For a while there, we were convinced that we’d discovered the next great plague of 2020 after the novel coronavirus. We were told that the Asian Murder Hornets had arrived in North America and they were going to finish wiping out the honeybees and potentially a number of us as well. But was it all just a bunch of hype designed to generate hilarious memes on social media? That’s the opinion of at least some entomologists. These alleged “bug experts” are telling the Washington Examiner that the insects aren’t really murderous and they’re “just another type of hornet.” While they may pose a threat to the honeybees, they really aren’t any more dangerous to people than other stinging insects.

Insect experts say the buzz around a bug dubbed the “murder hornet” is being overhyped.

As the coronavirus pandemic continues to kill tens of thousands of people in the United States, a new viral story began to emerge about an invasive stinging insect called the “murder hornet,” but experts are saying not to be overly concerned.

Bug experts told the Associated Press that while the Asian giant hornet could pose a threat to honeybees, those in the U.S. shouldn’t worry that the large two-inch hornet will kill them.

“They are not ‘murder hornets.’ They are just hornets,” said Chris Looney, a Washington Agriculture Department entomologist.

Am I the only one being left feeling a little disappointed? With the rest of the disasters crashing down around our ears on a daily basis, it seems like we need some new modern plagues to fill up the news cycle every month or so and the Murder Hornets looked like they would fill the bill perfectly.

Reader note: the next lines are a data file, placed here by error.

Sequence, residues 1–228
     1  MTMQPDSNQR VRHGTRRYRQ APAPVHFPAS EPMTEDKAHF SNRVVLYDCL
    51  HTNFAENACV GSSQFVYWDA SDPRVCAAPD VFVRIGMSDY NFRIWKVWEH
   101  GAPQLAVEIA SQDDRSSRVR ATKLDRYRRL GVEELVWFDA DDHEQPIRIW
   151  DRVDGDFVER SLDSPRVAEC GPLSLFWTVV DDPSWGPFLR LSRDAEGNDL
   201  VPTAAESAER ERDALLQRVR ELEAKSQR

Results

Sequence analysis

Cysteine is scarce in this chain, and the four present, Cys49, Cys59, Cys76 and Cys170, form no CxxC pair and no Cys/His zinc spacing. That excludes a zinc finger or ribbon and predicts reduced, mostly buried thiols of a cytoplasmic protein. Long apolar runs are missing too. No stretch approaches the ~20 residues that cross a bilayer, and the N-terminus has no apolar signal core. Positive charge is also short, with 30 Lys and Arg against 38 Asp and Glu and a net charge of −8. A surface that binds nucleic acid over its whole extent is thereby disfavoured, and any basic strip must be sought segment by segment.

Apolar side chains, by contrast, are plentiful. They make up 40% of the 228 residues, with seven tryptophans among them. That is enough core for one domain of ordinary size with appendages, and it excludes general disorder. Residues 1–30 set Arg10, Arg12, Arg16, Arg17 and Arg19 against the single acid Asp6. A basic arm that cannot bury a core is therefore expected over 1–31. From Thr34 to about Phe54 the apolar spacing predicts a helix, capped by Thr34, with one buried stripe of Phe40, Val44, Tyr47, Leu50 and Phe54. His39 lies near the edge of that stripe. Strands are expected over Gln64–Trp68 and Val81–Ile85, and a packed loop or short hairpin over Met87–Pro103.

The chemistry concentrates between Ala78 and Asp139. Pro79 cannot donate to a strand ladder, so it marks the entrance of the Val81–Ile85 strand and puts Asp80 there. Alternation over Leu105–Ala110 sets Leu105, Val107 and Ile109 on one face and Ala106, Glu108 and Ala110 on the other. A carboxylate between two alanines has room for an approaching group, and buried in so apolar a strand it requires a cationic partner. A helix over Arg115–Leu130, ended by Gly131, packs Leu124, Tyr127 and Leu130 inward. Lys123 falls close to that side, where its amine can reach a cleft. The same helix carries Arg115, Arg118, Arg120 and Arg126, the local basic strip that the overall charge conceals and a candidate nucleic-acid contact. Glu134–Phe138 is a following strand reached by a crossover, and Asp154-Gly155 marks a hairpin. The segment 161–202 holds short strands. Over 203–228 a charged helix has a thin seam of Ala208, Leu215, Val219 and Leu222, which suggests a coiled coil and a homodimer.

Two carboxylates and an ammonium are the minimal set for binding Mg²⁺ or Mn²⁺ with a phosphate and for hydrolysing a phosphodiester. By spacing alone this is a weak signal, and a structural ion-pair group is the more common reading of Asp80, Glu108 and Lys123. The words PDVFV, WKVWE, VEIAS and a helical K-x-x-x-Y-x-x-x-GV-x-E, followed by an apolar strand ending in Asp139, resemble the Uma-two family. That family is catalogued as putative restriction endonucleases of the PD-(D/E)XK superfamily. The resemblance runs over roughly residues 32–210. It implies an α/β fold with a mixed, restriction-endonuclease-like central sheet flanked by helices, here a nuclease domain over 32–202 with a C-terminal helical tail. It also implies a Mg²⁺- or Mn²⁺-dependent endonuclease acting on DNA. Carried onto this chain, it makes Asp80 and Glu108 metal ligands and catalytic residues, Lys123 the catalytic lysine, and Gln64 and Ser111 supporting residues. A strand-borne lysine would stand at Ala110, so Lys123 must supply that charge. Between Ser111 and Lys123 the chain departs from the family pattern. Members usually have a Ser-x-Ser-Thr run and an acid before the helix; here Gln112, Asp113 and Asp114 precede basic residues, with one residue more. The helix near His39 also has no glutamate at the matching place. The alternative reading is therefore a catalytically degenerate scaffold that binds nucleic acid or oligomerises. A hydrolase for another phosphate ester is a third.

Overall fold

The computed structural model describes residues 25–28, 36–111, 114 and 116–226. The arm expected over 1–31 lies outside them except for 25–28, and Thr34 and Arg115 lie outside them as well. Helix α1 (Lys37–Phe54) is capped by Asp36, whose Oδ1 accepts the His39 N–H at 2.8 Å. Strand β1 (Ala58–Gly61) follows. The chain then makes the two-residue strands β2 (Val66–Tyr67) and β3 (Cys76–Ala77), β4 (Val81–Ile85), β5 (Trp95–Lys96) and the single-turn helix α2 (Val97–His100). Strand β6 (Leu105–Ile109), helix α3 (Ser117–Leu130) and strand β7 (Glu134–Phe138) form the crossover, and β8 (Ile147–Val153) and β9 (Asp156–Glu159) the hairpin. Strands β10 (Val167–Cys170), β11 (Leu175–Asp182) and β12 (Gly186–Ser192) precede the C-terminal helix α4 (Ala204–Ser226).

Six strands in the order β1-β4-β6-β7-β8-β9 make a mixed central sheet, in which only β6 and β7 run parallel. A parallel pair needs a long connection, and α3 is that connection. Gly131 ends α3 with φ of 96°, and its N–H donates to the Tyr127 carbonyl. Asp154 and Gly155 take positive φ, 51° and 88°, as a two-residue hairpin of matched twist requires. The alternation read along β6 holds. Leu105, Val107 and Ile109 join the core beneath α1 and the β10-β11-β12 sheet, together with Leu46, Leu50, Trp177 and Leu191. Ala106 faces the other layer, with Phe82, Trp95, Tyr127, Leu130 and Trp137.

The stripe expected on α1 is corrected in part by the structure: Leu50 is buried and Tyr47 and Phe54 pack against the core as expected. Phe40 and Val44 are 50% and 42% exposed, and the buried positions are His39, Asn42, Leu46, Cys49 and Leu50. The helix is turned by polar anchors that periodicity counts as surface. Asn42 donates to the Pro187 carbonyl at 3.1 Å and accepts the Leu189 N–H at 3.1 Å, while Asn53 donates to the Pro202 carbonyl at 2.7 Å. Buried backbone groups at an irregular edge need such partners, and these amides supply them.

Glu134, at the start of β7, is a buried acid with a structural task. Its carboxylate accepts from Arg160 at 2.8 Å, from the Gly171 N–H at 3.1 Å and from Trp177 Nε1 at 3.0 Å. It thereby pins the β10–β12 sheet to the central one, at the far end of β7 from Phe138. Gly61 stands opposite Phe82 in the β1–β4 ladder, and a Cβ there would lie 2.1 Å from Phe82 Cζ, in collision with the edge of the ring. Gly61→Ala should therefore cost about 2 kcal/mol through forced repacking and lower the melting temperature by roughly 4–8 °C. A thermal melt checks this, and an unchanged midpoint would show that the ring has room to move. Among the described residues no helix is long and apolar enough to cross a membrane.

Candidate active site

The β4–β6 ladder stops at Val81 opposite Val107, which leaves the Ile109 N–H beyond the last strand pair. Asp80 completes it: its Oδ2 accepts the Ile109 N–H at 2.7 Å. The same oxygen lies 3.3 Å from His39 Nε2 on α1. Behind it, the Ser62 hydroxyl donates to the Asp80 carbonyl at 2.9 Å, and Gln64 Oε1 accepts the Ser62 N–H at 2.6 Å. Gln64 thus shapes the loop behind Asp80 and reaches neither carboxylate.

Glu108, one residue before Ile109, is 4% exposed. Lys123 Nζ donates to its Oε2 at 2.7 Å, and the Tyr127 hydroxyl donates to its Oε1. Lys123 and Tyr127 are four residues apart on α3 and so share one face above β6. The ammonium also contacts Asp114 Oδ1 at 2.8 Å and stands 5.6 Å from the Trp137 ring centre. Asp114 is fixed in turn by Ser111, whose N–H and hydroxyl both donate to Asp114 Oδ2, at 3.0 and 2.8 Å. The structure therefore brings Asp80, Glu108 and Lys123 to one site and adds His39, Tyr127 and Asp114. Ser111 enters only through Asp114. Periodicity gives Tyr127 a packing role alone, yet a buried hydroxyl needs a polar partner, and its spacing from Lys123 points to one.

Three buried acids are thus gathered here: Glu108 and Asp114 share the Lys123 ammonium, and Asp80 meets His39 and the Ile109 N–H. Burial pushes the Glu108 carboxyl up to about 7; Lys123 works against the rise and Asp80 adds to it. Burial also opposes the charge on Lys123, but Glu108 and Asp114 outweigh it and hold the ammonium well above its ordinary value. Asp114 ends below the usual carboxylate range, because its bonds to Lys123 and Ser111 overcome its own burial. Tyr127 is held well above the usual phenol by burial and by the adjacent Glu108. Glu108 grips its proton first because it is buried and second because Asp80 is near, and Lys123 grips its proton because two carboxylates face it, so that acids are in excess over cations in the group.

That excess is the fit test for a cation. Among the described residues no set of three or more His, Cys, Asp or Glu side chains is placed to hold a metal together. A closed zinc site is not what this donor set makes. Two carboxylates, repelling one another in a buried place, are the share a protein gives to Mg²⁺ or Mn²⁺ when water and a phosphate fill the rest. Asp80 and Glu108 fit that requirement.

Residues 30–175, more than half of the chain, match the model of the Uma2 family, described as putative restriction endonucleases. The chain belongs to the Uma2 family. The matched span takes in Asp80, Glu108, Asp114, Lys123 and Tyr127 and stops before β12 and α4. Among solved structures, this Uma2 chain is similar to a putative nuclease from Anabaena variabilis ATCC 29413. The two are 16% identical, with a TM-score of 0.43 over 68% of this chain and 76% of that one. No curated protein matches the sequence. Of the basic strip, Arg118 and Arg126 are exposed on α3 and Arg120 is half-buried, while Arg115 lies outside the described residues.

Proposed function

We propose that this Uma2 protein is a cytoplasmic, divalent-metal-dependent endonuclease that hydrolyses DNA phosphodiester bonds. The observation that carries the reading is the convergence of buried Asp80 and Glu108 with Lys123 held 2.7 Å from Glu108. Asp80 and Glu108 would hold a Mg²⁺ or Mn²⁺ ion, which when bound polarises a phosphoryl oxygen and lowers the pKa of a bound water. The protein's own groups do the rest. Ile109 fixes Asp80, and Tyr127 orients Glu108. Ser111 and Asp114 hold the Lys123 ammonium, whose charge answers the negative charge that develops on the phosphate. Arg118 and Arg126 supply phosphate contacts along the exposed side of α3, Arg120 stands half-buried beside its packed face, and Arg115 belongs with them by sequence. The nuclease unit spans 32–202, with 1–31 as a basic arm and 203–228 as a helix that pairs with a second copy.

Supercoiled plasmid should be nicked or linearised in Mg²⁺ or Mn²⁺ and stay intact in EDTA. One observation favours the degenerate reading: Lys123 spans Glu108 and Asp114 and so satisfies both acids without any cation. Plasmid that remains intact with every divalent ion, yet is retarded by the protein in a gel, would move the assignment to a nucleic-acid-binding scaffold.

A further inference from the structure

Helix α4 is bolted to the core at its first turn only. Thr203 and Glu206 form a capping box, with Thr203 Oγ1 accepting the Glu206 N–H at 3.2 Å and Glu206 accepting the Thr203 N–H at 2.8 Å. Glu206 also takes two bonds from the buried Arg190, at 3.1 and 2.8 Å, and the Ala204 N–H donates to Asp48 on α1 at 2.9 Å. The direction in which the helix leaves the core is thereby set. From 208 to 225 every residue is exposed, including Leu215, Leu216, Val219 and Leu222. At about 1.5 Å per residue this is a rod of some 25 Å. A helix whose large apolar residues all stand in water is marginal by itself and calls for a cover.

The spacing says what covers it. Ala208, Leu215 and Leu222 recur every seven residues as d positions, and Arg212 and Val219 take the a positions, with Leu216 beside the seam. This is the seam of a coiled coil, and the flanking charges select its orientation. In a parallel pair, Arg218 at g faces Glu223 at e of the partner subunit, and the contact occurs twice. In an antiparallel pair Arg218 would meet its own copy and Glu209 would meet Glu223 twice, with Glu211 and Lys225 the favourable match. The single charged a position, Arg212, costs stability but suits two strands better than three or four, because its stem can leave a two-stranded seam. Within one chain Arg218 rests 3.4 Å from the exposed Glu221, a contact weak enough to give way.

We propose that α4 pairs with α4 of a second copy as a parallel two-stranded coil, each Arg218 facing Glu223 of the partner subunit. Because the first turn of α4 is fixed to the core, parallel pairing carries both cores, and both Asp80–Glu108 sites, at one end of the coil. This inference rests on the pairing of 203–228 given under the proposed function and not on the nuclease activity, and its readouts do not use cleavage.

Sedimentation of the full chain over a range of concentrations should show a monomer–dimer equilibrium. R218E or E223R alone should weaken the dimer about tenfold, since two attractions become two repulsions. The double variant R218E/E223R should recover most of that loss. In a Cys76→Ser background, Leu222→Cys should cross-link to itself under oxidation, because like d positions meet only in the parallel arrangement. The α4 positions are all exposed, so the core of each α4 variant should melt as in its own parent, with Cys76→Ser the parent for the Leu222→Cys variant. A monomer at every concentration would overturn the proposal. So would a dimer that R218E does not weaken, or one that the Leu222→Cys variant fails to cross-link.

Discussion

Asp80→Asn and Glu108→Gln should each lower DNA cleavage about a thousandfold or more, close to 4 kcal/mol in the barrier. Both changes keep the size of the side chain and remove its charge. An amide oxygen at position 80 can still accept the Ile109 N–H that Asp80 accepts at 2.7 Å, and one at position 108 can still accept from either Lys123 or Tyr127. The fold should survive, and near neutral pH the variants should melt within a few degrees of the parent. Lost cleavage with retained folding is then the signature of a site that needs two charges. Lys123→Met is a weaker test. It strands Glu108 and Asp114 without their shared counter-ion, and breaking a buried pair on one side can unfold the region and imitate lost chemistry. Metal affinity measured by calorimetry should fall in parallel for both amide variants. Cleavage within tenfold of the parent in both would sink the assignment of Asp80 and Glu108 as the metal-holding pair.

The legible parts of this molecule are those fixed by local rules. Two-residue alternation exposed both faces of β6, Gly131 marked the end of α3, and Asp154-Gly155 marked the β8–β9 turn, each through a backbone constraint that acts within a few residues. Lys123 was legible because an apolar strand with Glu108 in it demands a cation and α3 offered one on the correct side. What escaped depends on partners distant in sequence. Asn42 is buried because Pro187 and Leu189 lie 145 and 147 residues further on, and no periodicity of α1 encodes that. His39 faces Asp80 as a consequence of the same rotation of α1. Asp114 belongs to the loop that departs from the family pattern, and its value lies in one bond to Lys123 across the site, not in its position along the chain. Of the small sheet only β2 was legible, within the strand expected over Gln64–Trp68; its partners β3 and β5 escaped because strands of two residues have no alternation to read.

But the evidence of this great invasion does seem to be lacking, at least thus far. According to these entomologists, after two dead hornets were found in Washington state in December, not one more has been found in the United States in 2020. A single nest was discovered in Canada this year, but it was destroyed. So was that it? Did we wipe them out immediately, the way we totally failed to wipe out the novel coronavirus?

For the record, I’m not an entomologist, but that sounds awfully unlikely. If you find one nest out in the wild, how likely is it that it would be the only nest on the continent? You only need to miss one queen buzzing around in the meadows and before you know it they’re numbering in the billions. But if they showed up during the winter, maybe that’s not true. According to one entomology site, nearly all of the hornets in northern regions die every winter. The recently mated queens find a place hibernate, generally under a piece of bark or something, while the rest of the hive dies off. Then the queen emerges in the spring and starts a new hive.

So if the Murder Hornets showed up in the Pacific Northwest in November or December, unless they had a fertile queen with them, they may all have simply died. (Of course, that doesn’t explain the one nest in Canada.) We may have gotten lucky if that’s the case.

So if it’s not going to be the Murder Hornets, what is the next 2020 disaster heading our way? My money is still on Volcano Lightning, probably from the Yellowstone supervolcano. For those who are curious, Volcano Lightning is a real thing. Here’s a video of it in action.

So… yeah. Either Volcano Lightning or a comet hitting us. But as I pointed out on Twitter this weekend, they need to arrive in the correct order or everything is just going to collapse into chaos.